Monty Collings is fighting to have bill passed in his daughter's honor that would require insurance companies to cover routine care for cancer patients undergoing clinical trials. His daughter, Steffanie, died of cancer last month.
Rep. Ron Peterson (R-Broken Arrow) is the chairman of the House committee that is considering the Steffanie's bill.
Steffanie Collings, for whom a bill was named that just passed the state Senate, died Thursday after living with brain cancer for the last five years. More >>
By Amy Lester, NEWS 9
A bill that would require insurance companies to cover routine care for cancer patients undergoing clinical trials has reached a road block in the state legislature.
The bill named after Steffanie Collings, who died of cancer last month, is stalled in a House committee.
Steffanie's father, Monty Collings, said a lawmaker is using his daughter's bill as political leverage, and he's furious.
"Anybody that has cancer or has known anybody who's had cancer, in familes, in friends, relatives, this will affect them," Collings said.
Rep. Ron Peterson (R-Broken Arrow) is the chairman of the House committee that is considering the bill. Peterson has not had the committee hear the bill yet.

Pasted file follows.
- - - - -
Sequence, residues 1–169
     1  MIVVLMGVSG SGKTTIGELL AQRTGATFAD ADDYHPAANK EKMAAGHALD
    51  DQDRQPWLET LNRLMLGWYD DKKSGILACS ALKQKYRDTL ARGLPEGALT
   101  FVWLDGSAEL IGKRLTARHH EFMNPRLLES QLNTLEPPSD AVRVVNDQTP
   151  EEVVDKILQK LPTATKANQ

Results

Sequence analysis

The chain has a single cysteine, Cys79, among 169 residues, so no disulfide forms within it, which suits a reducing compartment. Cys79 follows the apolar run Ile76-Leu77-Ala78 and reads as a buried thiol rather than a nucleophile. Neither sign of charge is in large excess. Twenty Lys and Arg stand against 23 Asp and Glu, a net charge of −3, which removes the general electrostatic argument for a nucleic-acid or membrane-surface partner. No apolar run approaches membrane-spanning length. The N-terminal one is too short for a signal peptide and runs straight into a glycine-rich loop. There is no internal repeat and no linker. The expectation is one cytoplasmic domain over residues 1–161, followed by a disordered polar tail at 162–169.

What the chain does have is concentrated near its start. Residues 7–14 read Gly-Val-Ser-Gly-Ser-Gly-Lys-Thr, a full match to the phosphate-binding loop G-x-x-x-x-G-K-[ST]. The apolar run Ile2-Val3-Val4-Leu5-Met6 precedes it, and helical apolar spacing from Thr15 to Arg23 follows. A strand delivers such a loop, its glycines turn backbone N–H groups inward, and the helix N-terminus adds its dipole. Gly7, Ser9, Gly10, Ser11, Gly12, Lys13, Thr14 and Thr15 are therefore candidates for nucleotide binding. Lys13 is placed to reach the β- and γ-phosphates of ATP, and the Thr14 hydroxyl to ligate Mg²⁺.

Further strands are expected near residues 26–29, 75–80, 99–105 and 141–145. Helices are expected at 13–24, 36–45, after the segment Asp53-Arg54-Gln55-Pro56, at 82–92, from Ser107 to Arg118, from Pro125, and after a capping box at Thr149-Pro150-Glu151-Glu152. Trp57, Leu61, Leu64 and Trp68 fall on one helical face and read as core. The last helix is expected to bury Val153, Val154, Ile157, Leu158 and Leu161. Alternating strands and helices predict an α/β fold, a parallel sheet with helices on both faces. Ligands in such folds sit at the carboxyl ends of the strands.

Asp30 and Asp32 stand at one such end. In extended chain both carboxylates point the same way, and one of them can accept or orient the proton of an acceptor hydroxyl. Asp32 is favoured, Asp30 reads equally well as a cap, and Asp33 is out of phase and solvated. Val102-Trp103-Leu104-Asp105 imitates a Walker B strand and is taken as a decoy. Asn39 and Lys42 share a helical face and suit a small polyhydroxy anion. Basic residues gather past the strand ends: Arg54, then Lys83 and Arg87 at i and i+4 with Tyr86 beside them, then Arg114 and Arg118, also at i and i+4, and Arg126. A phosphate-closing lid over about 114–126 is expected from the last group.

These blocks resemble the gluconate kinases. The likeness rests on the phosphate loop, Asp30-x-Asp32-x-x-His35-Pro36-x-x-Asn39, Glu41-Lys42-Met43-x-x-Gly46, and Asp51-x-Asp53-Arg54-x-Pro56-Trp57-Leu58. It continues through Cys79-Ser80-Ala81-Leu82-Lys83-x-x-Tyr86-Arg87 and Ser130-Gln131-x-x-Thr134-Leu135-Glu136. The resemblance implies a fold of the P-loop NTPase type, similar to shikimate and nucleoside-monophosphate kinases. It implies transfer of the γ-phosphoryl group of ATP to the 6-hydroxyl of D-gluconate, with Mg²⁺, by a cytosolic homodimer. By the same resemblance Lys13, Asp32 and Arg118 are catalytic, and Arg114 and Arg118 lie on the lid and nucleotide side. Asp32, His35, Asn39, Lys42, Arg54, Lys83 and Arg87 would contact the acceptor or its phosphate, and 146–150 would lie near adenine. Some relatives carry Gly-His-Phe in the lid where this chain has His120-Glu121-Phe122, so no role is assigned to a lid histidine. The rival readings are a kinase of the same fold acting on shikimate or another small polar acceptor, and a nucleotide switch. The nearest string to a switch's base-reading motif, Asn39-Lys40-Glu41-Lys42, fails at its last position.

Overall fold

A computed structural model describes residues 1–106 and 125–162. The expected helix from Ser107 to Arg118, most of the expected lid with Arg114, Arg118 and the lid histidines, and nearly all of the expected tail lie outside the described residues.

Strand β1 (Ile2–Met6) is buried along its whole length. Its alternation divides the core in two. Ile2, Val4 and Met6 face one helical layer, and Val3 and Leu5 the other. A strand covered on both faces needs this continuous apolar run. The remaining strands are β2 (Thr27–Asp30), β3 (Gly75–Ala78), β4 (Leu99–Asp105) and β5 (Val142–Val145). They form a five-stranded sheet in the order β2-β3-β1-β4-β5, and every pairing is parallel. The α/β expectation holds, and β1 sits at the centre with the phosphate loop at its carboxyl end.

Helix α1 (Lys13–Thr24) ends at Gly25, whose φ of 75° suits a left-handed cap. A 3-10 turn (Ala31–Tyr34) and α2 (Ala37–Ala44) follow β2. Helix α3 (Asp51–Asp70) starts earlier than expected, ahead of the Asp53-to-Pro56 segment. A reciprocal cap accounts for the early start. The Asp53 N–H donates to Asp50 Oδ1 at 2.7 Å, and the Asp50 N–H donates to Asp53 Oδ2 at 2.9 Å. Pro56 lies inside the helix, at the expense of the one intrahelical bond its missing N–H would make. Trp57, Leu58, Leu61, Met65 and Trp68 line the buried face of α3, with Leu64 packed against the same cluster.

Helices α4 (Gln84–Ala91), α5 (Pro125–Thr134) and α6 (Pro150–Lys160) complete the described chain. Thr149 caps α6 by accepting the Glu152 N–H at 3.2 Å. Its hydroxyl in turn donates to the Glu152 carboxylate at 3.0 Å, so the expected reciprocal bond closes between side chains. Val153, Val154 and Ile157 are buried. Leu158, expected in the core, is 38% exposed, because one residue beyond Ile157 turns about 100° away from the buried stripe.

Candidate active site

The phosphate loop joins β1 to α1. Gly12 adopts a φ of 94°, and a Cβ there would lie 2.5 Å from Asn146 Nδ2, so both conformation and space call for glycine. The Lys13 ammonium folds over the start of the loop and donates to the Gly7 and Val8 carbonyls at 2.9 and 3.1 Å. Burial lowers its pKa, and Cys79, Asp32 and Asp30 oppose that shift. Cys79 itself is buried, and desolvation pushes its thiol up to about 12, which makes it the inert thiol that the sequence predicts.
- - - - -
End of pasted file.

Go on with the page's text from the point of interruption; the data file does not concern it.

The bill already passed the Senate.
"It kind of floored us," Collings said.
Steffanie's father said Peterson told him in a closed door meeting that he will not hear the bill unless the family supports HB 3111.
Peterson authored HB 3111. It would require a cost-benefit analysis and a one year wait before any insurance mandate is voted on. It was stalled in a Senate committee. The bill died in committee Thursday.
"Honestly, I don't feel that's right to hold a bill he knows will pass if it gets to the floor over our heads to get something he wants through the Senate," Collings said. "We don't control the Senate."
Nancy Thomason from the Brain Tumor Foundation also was at the meeting.
"I feel like that's what citizens are tried of, that political maneuvering, game playing," she said.
Rep. Peterson said he had the meeting.
"I didn't say this for that, I said, I would appreciate it if they could find room to support that because it's important," Peterson said.
Peterson said he has not decided whether he'll hear Steffanie's bill. Her family said they will to continue to fight for her legacy.
"Let the voice be heard from the Oklahomans that we need this law passed to help our families right now," Collings said. "This is the biggest chance we have of getting this done."
There are two more House committee meetings left to hear Steffanie's bill this session. To drum up support for Steffanie's Law, there will be a rally at noon Monday on the south steps of the Capitol.
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